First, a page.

Protests largely fueled by economic frustration pop up across Iran

Iran on Friday wrapped up two days of naval exercises in the Persian Gulf -- a show of force aimed at the U.S. just as the Trump administration is reimposing sanctions. 

At the same time, protests are popping up in cities all over Iran, only this time, the anger is not directed at America. The protests are largely fueled by frustration with a failing economy. 

The size of the crowds in social media videos has been hard to confirm, but their chants are clear. 

In one clip, demonstrators in the city of Isfahan shout "death to the dictator," daring to openly defy Supreme Leader Ayatollah Ali Khamenei. They appear to set fire to police cars and throw rocks.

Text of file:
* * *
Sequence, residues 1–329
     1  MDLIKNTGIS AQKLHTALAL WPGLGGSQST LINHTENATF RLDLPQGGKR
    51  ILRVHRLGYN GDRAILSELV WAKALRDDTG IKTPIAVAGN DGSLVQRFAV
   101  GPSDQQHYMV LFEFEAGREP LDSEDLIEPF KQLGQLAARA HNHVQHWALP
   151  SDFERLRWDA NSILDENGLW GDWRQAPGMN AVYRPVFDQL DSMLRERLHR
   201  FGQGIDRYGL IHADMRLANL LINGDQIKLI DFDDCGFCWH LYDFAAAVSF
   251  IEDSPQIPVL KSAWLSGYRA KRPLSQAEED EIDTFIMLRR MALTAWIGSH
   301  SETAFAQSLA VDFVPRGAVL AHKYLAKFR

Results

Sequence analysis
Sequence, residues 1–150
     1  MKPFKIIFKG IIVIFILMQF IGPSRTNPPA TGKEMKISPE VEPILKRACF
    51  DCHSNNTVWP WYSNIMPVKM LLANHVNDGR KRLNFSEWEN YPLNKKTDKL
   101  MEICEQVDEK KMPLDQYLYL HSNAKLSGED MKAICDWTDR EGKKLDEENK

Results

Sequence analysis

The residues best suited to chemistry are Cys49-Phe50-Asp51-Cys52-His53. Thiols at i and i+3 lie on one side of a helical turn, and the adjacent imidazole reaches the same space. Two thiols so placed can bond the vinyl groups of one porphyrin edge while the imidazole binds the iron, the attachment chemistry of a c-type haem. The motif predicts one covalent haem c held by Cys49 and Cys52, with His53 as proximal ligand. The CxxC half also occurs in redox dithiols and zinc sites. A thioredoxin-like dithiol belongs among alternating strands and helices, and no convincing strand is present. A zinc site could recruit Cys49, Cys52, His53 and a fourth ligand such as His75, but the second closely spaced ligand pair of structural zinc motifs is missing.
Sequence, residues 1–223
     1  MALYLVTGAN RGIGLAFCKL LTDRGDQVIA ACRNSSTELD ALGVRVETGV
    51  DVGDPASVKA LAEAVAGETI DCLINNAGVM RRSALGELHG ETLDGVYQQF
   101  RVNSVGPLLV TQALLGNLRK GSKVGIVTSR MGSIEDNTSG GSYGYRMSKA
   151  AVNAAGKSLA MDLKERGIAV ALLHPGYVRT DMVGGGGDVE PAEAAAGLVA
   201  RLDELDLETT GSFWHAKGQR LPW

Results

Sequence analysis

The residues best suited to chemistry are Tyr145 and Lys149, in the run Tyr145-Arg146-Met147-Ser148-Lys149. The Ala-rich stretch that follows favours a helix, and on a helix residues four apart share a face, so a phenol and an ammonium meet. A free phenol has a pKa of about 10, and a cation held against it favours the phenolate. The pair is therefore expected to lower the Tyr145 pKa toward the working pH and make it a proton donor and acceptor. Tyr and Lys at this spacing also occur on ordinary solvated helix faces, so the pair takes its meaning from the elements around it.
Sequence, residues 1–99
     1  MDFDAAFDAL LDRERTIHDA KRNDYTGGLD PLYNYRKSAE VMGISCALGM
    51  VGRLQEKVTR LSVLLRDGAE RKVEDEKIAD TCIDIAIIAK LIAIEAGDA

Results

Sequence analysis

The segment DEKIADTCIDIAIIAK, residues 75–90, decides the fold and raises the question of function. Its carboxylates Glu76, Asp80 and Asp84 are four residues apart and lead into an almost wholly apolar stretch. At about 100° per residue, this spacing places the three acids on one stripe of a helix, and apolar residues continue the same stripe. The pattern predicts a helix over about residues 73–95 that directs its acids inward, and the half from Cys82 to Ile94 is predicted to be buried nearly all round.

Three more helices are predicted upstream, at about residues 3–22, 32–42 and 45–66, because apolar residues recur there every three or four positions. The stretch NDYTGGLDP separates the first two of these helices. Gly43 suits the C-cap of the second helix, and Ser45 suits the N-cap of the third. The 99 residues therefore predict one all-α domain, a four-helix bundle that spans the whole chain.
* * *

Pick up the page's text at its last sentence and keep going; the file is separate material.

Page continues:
The rallies follow larger ones that started in December and flared up again in June, when protesters demonstrated outside parliament and shut down Tehran's Grand Bazaar.

Iranians are grappling with rising inflation. The country's currency has collapsed, losing nearly half its value since April. And uncertainty is growing as U.S. sanctions are set to start again on Monday, three months after President Trump withdrew from a nuclear deal with Tehran.

"They are having a lot of difficulty right now," Mr. Trump said. 

"I hope it works out well," he said, adding, "I have a feeling they'll be talking to us pretty soon."

As economic pressure intensifies, many wealthy Iranians are leaving the country.

One woman said she doubts she'll find work, even with a law degree. 

Some Iranians say the economy is so vulnerable to sanctions because it's corrupt and poorly managed. In a highly unusual move, Iranian lawmakers have summoned moderate President Hassan Rouhani to account for the crisis.